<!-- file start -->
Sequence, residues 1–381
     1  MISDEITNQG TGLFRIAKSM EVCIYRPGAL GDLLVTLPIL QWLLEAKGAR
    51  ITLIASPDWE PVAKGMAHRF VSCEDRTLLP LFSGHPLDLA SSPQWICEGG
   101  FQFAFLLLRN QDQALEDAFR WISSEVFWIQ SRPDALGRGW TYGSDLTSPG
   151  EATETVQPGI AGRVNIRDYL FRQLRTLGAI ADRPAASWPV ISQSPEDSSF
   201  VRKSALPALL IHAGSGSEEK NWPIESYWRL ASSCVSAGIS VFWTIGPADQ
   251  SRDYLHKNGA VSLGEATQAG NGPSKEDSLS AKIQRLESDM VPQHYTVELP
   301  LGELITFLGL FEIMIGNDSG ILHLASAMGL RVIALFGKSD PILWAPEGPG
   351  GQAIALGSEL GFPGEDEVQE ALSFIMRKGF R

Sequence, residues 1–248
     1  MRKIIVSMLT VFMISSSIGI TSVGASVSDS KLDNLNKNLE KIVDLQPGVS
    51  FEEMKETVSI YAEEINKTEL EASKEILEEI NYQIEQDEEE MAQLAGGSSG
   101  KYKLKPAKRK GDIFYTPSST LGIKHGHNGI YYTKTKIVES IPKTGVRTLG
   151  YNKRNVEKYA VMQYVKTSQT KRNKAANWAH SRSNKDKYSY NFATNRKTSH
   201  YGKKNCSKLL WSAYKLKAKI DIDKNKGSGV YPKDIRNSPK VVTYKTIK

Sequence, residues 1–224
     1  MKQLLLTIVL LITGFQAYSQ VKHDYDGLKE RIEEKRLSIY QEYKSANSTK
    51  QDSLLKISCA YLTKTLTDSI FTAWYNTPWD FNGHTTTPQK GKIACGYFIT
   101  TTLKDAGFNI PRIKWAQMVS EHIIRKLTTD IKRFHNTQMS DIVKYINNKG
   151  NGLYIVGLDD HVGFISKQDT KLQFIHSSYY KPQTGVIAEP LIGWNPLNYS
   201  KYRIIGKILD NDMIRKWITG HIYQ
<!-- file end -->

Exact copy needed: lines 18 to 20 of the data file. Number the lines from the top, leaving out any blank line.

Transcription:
    51  QDSLLKISCA YLTKTLTDSI FTAWYNTPWD FNGHTTTPQK GKIACGYFIT
   101  TTLKDAGFNI PRIKWAQMVS EHIIRKLTTD IKRFHNTQMS DIVKYINNKG
   151  NGLYIVGLDD HVGFISKQDT KLQFIHSSYY KPQTGVIAEP LIGWNPLNYS